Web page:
How To Create A Gallery Wall30.5.16
Artwork by: Faye Moorhouse , Papio Press , and Ryan Dean-Corke There is something beautiful about a hanging a gallery wall in our hom...
There is something beautiful about a hanging a gallery wall in our home. It’s a simple way of transforming a blank space into something wonderful with artwork that expresses our personal style and interests. Creating a gallery wall can feel daunting although it doesn’t have to be complicated. Here is an easy guide for styling your own personal gallery so you can share and appreciate the artwork you own.
Choosing Artwork and Frames
The best gallery walls are personal and meaningful; don’t feel you have to hang specific styles by certain artists to impress. If your living space is busy with a lot of colours, patterns, textures, or styles, you will be better off sticking to artwork with a specific colour palette. Likewise, if your space presents a clean palette to work with, bolder artwork will allow the gallery wall to really stand out.
Choosing which frames to use should always depend on the artwork they will hold; consider what works best with the artwork you have chosen and opt for frames that compliment. Choosing plain frames gives a clean, uncluttered appearance, however, a mixture of sizes, style, and colour really works well to draw the eye across prints. If your choice in artwork is varied and bold, you might want to keep all the frames simple and in unison.
If you’re just starting out and haven’t collected any artwork yet, Minted is a wonderful place to start. They sell a huge collection of artwork by independent artists, illustrators, designers, and photographers; you can buy prints in a variety of sizes, with or without the frames so when your prints arrive they are all ready to hang.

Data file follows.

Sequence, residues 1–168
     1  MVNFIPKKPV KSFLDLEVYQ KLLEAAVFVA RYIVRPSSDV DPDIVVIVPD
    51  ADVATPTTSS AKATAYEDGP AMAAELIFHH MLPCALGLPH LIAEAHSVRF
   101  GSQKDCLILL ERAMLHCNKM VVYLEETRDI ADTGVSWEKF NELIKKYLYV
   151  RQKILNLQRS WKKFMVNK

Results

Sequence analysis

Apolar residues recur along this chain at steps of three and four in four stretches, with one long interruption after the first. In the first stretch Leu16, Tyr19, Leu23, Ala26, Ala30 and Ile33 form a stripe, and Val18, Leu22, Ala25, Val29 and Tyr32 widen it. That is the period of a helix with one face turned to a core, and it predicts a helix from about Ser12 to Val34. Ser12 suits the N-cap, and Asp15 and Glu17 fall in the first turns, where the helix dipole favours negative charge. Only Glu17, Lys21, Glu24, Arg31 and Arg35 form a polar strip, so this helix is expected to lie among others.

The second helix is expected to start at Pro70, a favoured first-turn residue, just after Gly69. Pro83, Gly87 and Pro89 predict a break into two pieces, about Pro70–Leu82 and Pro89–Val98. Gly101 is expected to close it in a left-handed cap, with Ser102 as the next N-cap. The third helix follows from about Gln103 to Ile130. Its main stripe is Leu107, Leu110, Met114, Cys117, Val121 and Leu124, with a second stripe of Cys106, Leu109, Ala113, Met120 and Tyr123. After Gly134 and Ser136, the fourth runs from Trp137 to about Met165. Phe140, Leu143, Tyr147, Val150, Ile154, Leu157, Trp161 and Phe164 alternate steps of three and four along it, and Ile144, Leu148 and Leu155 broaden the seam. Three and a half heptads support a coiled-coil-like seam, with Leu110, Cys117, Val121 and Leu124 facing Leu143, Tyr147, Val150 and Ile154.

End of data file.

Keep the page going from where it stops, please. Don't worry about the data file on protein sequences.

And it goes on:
Planning It Out
Measure the wall space you want to cover and map it out on the floor; marking or taping off the dimensions on the floor will enable you to plan out the arrangement of prints and artwork before hanging it all on the wall. This avoids misjudgements and mistakes and allows you to play around with the arrangement to find the best layout and spacing between art. Position the largest piece first, positioning it in the centre tends to work best. If you don’t have one piece larger than all the rest, group together a couple of smaller pieces that compliment each other.
While balance and symmetry creates a structured gallery wall, you don’t have to stick to such a uniform layout; playing with spacing, size, and structure can allow a gallery wall to stand out and become the focal point of the room. Move things around, pair artwork up, see what works; it’s all about finding a layout that looks pleasing to you and allows the artwork to shine.
Hanging The Artwork
Depending on how you want your gallery wall to look, you can hang your artwork in different ways. Measuring out the layout and marking where each frame should hang will give you a uniform, evenly spaced gallery wall. You can do this easily by measuring each frame and taping off its position on the wall. This method is useful if you have limited space and/or you won’t be adding any more artwork at a later date. Just make sure, if you’re going for even spacing and a uniform finish, you double check measurements to make certain they are right. If, like me, you prefer the frames to be less orderly and hung in a less uniform way and you plan on adding more art to your wall, you can replicate your floor plan by eye. Either way, start with the middle print(s) and move outwards.
Gallery walls tend to work best when the centre piece is at eye level (or around 150cms from the floor), although always go with what looks best with the space you’ve got. It’s advisable to get someone to help hang a gallery wall with you, getting them to stand across the room while you hang each print will ensure each frame is positioned straight - then just stand back and enjoy your new gallery wall.